In terms of culture, we've seen massive investments from tech companies into VR. We'll start seeing more virtual reality-driven content with Meta's investment in VR and the metaverse. We'll see how the technology progresses over the next few years, but it's exciting to think that there's an entirely new way to engage with content and advertising starting to form.

I’ve also seen so many talented colourists delving into social media, each with a different eye for colour and their take on some of those looks that may have felt overused in the past. I don't see any looks that feel overused right now. I think the growth we've had in the industry over the last few years has allowed more colourists to get their ‘look’ seen by more people. This has allowed everyone to get more creative, step out of their comfort zone, and try something new and fresh.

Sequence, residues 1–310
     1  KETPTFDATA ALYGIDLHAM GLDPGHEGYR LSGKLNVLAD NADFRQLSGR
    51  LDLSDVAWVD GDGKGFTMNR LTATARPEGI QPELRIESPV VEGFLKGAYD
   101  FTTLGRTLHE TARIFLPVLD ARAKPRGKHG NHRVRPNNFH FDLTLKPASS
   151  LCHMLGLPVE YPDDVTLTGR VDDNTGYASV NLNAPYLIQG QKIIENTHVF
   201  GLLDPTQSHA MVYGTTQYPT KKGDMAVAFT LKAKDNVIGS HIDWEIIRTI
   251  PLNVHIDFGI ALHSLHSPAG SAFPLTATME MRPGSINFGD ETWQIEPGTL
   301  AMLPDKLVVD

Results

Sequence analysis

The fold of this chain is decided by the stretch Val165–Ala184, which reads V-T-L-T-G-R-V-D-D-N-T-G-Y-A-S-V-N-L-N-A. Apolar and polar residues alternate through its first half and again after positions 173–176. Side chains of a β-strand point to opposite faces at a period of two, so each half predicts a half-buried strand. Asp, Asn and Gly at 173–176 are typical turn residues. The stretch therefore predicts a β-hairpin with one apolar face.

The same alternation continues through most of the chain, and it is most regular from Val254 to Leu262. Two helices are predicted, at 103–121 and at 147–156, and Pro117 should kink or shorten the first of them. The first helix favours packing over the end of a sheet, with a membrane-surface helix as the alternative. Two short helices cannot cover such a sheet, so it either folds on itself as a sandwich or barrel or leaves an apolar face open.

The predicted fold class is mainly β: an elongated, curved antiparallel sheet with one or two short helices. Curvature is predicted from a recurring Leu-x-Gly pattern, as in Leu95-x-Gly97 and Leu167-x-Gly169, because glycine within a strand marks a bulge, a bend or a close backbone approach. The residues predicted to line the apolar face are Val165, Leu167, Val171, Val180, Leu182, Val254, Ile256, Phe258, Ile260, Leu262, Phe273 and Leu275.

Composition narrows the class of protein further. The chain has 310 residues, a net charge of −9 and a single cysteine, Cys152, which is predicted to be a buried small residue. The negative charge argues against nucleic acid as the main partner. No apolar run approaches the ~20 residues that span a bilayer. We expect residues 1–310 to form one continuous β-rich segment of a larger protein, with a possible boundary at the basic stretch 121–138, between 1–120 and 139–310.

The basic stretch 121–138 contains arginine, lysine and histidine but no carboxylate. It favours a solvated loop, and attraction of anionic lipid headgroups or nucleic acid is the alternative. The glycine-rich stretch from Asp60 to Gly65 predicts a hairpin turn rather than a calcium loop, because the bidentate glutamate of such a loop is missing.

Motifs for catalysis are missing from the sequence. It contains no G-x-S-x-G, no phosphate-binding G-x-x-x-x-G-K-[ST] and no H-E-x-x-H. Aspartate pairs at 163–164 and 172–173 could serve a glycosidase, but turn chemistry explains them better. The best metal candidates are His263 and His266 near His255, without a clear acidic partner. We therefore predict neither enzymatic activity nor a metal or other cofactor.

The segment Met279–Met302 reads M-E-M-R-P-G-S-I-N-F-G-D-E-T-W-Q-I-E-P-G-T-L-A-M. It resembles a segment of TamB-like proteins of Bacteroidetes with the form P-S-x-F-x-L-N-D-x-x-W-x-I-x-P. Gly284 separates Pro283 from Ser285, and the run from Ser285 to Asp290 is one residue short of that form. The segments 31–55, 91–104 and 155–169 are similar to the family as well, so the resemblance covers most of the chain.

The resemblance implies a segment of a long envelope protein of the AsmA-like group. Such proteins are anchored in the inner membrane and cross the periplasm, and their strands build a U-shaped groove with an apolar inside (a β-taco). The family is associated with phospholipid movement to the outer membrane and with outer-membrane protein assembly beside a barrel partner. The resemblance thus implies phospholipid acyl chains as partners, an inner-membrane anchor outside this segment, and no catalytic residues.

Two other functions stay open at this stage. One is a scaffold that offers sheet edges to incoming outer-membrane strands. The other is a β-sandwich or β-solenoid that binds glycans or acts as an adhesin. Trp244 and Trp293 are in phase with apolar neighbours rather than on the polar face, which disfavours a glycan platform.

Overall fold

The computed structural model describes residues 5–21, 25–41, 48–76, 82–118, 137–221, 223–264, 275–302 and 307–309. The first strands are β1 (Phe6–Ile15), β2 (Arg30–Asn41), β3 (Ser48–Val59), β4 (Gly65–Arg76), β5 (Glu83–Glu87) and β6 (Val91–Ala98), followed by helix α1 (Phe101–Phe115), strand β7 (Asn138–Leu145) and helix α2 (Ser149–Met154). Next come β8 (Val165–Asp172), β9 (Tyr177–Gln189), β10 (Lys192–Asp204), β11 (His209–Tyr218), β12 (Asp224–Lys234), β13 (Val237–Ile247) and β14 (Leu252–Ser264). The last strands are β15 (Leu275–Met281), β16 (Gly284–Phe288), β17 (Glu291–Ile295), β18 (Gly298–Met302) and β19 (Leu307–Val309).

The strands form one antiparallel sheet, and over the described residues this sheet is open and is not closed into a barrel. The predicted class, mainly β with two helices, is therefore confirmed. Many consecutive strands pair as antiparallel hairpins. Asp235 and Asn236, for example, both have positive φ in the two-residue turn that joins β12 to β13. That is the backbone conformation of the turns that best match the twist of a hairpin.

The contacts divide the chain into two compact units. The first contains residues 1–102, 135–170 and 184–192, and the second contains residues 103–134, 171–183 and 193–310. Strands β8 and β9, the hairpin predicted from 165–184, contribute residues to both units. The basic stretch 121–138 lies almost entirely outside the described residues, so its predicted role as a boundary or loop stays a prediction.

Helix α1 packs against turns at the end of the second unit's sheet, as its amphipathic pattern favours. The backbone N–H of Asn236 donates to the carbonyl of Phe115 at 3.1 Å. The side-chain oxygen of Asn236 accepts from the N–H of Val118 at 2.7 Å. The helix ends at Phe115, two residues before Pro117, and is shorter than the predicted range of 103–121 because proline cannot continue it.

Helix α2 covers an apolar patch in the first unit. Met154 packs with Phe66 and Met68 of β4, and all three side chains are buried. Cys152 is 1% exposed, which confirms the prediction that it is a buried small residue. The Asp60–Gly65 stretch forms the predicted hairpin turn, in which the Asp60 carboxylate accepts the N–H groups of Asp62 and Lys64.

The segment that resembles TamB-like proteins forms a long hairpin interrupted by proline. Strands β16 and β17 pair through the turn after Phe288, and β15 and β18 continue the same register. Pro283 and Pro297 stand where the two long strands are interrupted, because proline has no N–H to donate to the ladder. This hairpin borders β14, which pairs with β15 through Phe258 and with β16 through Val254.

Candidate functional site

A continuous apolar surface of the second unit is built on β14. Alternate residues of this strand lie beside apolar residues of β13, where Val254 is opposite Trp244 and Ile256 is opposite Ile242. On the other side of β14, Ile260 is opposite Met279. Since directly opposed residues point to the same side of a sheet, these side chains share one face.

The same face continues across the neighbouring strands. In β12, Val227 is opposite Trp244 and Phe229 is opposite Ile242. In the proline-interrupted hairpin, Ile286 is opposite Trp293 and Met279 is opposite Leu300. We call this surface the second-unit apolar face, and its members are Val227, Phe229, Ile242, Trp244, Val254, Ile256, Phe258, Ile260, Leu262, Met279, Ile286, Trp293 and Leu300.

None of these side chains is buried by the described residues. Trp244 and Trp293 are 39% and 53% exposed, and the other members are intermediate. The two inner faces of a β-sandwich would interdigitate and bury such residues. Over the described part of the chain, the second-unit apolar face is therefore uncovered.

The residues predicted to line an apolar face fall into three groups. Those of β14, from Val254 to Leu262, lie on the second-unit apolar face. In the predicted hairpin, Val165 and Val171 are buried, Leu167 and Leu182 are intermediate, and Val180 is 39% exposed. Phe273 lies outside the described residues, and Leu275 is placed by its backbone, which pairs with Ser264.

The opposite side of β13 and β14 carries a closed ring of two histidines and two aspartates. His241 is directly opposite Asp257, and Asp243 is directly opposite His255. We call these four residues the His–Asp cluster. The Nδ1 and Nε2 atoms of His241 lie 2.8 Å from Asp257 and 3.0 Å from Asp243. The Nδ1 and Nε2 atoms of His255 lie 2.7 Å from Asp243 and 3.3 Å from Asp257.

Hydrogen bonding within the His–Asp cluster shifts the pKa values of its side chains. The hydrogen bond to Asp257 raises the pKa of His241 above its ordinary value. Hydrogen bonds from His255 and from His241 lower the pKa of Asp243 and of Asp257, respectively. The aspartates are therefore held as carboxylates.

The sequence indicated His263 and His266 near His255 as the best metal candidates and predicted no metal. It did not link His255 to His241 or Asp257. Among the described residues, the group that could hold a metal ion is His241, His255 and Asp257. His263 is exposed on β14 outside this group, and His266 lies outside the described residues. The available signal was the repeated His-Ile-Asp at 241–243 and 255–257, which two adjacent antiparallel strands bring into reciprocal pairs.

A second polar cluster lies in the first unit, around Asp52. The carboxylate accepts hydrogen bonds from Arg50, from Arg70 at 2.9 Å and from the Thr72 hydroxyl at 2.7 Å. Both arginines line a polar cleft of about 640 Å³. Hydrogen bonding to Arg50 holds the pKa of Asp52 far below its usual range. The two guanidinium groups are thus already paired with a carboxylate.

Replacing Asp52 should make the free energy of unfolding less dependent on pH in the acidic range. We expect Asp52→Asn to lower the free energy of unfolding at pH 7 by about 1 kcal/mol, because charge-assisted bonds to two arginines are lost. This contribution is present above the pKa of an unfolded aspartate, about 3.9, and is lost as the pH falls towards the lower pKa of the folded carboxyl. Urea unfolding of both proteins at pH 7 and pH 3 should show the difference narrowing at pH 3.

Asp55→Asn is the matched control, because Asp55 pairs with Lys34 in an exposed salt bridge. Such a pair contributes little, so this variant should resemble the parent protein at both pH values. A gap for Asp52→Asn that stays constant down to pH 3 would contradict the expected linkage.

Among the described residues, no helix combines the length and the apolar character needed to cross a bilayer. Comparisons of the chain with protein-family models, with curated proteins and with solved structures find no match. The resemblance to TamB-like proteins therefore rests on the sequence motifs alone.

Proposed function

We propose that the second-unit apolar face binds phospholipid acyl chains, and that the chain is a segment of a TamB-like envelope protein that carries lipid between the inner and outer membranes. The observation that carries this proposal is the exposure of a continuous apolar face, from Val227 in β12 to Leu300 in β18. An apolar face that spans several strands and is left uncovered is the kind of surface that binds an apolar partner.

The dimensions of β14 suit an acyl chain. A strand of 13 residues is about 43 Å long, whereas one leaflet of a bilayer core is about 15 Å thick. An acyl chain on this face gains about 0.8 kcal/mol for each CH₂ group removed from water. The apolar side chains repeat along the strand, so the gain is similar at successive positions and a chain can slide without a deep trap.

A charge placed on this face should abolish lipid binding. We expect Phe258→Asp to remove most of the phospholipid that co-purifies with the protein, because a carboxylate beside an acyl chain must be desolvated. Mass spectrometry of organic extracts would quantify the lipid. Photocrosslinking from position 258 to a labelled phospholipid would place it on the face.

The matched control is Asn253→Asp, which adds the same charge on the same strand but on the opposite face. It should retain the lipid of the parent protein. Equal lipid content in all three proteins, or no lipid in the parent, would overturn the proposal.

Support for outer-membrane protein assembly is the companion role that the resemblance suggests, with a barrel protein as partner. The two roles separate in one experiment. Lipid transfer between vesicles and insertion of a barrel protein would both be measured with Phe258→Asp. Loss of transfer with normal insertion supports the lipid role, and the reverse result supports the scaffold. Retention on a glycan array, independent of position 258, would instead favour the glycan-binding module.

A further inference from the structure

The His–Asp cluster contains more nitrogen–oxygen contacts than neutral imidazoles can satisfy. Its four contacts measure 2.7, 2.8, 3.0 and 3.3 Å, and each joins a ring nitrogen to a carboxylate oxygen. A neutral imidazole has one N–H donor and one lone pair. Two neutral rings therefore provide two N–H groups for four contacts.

From the new generation of colourists and platforms to showcase work, the biggest thing we’ve gained in the industry is exposure. More of the general public is becoming aware of colour grading and how it can help shape the look and feel of a film or show you're watching. And when it comes to the platforms we use daily, they are constantly improving toolsets to help us achieve the looks we want faster and help spark new ideas for looks. Some tools can create surprisingly good mattes with the swipe of the mouse and a click of a button. It's a fascinating time as we'll begin to see massive improvements in efficiency for some of the tedious, less creative tasks we have to ask colourists to do, allowing us to create looks that wouldn't have been possible before.

Matt Branton

Senior colourist at Windmill Lane